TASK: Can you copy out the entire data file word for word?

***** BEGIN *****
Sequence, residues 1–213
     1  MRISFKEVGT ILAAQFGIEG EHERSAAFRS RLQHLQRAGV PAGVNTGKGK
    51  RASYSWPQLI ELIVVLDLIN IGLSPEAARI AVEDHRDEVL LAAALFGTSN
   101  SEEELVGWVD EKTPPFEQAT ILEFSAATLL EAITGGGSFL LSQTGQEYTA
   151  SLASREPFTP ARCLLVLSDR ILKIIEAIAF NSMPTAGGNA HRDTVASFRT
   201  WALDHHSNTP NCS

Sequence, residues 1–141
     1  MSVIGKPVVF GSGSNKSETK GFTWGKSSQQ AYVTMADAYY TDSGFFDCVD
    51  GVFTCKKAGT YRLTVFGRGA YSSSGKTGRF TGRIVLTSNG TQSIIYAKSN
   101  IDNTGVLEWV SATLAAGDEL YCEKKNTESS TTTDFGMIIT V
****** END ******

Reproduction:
Sequence, residues 1–213
     1  MRISFKEVGT ILAAQFGIEG EHERSAAFRS RLQHLQRAGV PAGVNTGKGK
    51  RASYSWPQLI ELIVVLDLIN IGLSPEAARI AVEDHRDEVL LAAALFGTSN
   101  SEEELVGWVD EKTPPFEQAT ILEFSAATLL EAITGGGSFL LSQTGQEYTA
   151  SLASREPFTP ARCLLVLSDR ILKIIEAIAF NSMPTAGGNA HRDTVASFRT
   201  WALDHHSNTP NCS

Sequence, residues 1–141
     1  MSVIGKPVVF GSGSNKSETK GFTWGKSSQQ AYVTMADAYY TDSGFFDCVD
    51  GVFTCKKAGT YRLTVFGRGA YSSSGKTGRF TGRIVLTSNG TQSIIYAKSN
   101  IDNTGVLEWV SATLAAGDEL YCEKKNTESS TTTDFGMIIT V